How disappointing! After watching all the websites for information about the solar flare and CME, with all their predictions for some great Lights last night, we stayed up late watching the clear sky for any activity and … nothing. Nada. Zip. Not a sausage. I went to bed at 10.30pm and Greg crawled in at 2am mumbling something about Tromso in Norway having some great Lights and that we should go there. Okay then, let’s go.
So we did. We drove north and then west for 350 kms to Tromso, and our longer-term readers may recall that we got a very expensive parking ticket here 6 months ago. We’re reading the parking meters extra-carefully now to try and avoid making THAT mistake again.
As we drove, the temperature dropped lower, and lower and lower. We started the day with the thermometer on our cottage porch showing -18C, and at some stage early this afternoon, the car thermometer showed the outside temperature as -29C. It all just feels bloody cold to me, but I think the difference is how long you can stand to be outside ….. and at -29, that’s not very long at all!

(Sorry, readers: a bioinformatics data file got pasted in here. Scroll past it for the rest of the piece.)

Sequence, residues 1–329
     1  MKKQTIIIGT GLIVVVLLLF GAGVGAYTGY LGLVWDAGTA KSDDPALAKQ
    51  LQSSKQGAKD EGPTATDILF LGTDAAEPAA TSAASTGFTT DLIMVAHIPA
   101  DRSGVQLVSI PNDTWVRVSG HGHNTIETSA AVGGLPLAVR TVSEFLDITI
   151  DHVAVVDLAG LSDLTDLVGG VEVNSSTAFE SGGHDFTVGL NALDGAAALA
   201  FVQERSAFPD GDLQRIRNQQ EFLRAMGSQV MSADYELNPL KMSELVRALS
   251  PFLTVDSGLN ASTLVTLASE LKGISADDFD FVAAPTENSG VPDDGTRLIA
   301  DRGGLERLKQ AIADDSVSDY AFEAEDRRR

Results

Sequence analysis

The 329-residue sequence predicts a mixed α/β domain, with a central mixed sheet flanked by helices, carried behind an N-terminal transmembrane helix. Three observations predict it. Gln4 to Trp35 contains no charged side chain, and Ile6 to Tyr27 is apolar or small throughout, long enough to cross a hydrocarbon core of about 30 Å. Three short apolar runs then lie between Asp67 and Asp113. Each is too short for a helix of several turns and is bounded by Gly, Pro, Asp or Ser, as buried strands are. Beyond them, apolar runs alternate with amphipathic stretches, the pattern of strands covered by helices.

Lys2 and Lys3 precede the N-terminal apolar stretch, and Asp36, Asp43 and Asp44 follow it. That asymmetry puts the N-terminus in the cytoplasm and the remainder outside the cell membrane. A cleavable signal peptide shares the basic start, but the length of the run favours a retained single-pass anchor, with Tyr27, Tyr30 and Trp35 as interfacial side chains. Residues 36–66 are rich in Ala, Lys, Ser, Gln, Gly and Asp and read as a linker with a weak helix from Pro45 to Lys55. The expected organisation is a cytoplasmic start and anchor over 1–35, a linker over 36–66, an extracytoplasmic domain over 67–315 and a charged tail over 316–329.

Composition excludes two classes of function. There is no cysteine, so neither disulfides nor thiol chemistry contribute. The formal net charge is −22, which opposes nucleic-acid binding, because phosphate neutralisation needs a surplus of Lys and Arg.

We saw the sun, briefly, for the first time in 2 weeks! Just a little tiny bit of it sat right on the horizon. It looked like it was setting the whole time, it was that red ‘sunset’ colour, but it was really just skimming along the horizon from east to west for an hour or so before it disappeared at around 1.30. The sky was a clear, pale blue, with a pink tinge at the horizon for the few hours of daylight.
Tromso is such a pretty town. It spreads along both sides of a fjord and all the lights looked lovely as we drove along and over the bridge to the town centre. We’re staying at a ‘cheap’ hotel for a couple of nights. Cheap by local standards, but still over $110 per night, which is expensive to us. There’s very little snow here compared with the other places we’ve visited inside the Arctic Circle, but there’s enough slippery ice on the roads and footpaths to make walking a potentially hazardous experience. We’ll have to go out of town to do some aurora-watching, to get away from all the lights.
Greg snuck into a supermarket when he was ‘getting someting from the car’ this evening and found his beloved lefse. I’ve just eaten some and it reminded me that I didn’t really like it much …. so it’s all his, and he’s delighted about that. Any spare Norwegian kroner at the end of our stay here will be spent on lefse, I’m sure. Here’s the Wikipedia article on lefse. Greg likes a commercially-made variety that is filled with butter (I think) sugar and cinnamon.